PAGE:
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Author Topic: Rejections, rejections, rejections...  (Read 37009 times)

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KB

« Reply #125 on: August 18, 2008, 11:56 »
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I am not pulling my port, but I am not uploading any more images until FT delivers some COHERENT statement about criteria/policies, categories they are looking for and categories they are not accepting and WHY.
I agree, but I don't see that happening. We are likely a small minority, and I doubt they will even notice that we have stopped uploading. They won't even learn of it, since I doubt anyone from there reads this forum (and a similar thread at fotolia's forum would be pulled faster than you can say "type of photo").

So I think we're in for a long wait. Which is fine with me, as I have many other, better performing sites to spend my time on.


« Reply #126 on: August 19, 2008, 04:35 »
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Everybody there on vacations, one rookie reviewer has no vacation this year so he is pissed off and sends everything to void  ;D

LOL!

« Reply #127 on: August 19, 2008, 04:46 »
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I didn't use to be that concerned with sort of (if not ridiculous) ambiguous rejections by  FT which I'd get  very rarely but  now they are getting more and more significant ,which drives me mad.I hope they will figure out who is responsible for it.I am confident with my work and know what shouldn't have been rejected.anyway I shall keep uploading but  it is also their loss not including some of the quality work which are already  available elsewhere.
and I think they should first clear all the crap photos on the site instead of rejecting new images if the reason behind this was being concerned about overloading the library.


DanP68

« Reply #128 on: August 19, 2008, 06:34 »
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and I think they should first clear all the crap photos on the site instead of rejecting new images if the reason behind this was being concerned about overloading the library.


Bingo.  This should be tatooed on the forehead of every image library manager at the microstock agencies.

I have always considered it ridiculous, and actually stupid is a better word, that agencies would close their doors on new quality images because of quotas while at the same time keeping the initial questionable quality images they accepted while building up their library.  If they truly want to have a strong library, they should weed out the bad material and replace it with quality, fresh material.

If I managed a library, I would have a rule that any image which goes 2 years without a sale gets tagged for deletion.  I'd have the tagged images get sent to the reviewing team, and if they didn't meet current standards they'd be cut loose.  If they met standards, then fine.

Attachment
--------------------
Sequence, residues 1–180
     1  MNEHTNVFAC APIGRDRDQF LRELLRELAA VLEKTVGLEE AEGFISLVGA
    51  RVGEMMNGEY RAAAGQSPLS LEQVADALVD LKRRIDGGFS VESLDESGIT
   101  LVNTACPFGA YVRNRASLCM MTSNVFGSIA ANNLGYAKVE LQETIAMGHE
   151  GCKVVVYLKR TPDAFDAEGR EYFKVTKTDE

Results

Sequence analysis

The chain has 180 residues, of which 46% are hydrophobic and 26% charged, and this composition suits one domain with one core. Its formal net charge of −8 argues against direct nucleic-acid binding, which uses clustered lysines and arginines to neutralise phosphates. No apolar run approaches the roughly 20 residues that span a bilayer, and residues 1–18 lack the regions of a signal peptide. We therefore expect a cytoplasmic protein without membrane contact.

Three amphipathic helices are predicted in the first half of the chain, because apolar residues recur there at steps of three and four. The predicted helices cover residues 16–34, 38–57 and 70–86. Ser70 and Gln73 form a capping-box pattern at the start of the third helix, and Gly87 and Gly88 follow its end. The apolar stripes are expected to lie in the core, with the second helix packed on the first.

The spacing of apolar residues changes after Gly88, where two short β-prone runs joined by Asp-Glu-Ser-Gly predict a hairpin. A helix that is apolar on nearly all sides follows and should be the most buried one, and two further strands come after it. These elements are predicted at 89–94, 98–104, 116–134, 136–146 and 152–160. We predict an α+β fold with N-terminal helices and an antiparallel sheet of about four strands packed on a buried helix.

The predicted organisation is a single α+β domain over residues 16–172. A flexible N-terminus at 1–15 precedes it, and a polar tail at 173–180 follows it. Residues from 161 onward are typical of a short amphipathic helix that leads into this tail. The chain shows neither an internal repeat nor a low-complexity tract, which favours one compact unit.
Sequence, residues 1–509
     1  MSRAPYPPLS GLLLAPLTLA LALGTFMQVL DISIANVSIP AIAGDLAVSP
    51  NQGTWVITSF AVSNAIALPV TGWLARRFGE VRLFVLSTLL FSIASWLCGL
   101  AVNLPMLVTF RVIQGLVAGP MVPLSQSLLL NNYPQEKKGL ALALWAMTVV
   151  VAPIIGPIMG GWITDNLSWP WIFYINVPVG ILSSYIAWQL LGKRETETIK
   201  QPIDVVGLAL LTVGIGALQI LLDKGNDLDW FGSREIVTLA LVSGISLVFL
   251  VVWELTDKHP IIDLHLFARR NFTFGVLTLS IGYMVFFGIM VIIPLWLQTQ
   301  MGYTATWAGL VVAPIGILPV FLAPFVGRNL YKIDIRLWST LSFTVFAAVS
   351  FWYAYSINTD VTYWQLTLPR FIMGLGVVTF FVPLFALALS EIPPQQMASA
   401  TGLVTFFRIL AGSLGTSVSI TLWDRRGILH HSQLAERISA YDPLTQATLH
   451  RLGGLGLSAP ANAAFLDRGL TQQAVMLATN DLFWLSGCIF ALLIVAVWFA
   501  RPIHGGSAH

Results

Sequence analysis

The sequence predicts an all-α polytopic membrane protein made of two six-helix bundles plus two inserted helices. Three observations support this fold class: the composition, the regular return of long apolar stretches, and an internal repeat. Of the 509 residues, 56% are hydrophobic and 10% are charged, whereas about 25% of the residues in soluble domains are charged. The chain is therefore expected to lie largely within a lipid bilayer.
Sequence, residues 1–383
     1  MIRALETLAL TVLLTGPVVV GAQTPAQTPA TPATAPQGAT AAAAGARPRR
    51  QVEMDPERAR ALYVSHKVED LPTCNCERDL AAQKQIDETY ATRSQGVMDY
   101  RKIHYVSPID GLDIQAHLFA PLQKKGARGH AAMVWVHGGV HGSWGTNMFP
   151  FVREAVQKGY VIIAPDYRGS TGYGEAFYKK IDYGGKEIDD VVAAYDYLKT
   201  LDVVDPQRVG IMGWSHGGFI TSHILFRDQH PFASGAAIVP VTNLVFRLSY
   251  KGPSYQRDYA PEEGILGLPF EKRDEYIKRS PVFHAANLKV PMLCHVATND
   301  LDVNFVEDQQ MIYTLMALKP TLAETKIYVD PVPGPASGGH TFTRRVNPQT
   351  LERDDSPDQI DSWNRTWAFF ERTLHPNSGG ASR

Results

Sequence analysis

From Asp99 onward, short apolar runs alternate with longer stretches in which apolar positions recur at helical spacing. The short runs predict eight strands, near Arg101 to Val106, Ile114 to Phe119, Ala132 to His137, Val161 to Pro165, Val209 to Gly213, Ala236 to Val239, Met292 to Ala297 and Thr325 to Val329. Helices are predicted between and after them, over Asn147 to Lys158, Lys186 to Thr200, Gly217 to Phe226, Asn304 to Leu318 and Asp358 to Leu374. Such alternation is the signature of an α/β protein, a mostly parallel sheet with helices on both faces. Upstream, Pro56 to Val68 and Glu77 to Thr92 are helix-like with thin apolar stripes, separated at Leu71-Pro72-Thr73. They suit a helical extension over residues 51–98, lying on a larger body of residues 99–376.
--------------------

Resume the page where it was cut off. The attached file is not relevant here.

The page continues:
« Reply #129 on: August 19, 2008, 06:56 »
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If I managed a library, I would have a rule that any image which goes 2 years without a sale gets tagged for deletion.  I'd have the tagged images get sent to the reviewing team, and if they didn't meet current standards they'd be cut loose.  If they met standards, then fine.


Eeeh.... and you know what would happen immediately after all the allegedly crap images deleted? They'd be promptly reuploaded by authors thus jamming reviewers' time... of course they mostly wouldn't be approved, but you never know...there are plenty of amazing "unsold" stuff out there

« Reply #130 on: August 19, 2008, 07:08 »
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Eeeh.... and you know what would happen immediately after all the allegedly crap images deleted? They'd be promptly reuploaded by authors thus jamming reviewers' time... of course they mostly wouldn't be approved, but you never know...there are plenty of amazing "unsold" stuff out there

if the photos were really too bad to sell than I don't think the authors would re-upload them  but I see your point on unseen good quality images with zero sales in that case they could introduce something like the dollar bin of IS.I think it is a good way to get rid of those low quality files files Imagine if no one  was willing to pay not even a dollar for a file that proves how bad they really are imo.

graficallyminded

« Reply #131 on: August 19, 2008, 08:02 »
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And the amazing "unsold" stuff is usually unsold do to bonehead keywording.  There's just no excuse for that.

Fotolia makes me sad.  Things have taken a turn for the worse.  I'm still making plenty of income from them, but how am I motivated to upload if 90% of my new uploads are being denied? 

« Reply #132 on: August 21, 2008, 16:42 »
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I'm totally frustrated at Fotolia, cause I just don't understand what it's reasonable to submit. I will stop uploading one day, promise, unless... wait, I got my first EL ever! :D
It's also my best earner everywhere and it's probably the image i dislike the most among the ones I've ever uploaded. Oh irony.

« Reply #133 on: August 24, 2008, 14:53 »
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Just got an "overabundant" photo rejection for a shot of a rainbow off the Na Pali coast of Hawaii that has been accepted by 100% of all other sites ......

A quick search shows they have no other photos of this location in their database with a rainbow of any kind.

I now sense that they really don't want a lot of new photos of any kind, and I think they are making a huge mistake.

And, like so many others here, I'm just about done even trying to upload at the site these days - their rejections are bordering on the absurd.

« Reply #134 on: August 24, 2008, 15:25 »
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Why they would restrict fresh content like they do is beyond me?  I would dump the old crap (that they were more than happy to accept last year) and add the new and improved version that is likely a higher resolution as well. 

I wonder if there is some "business" going on behind the scenes, like a sale or merger with a macro? 

« Reply #135 on: August 24, 2008, 15:40 »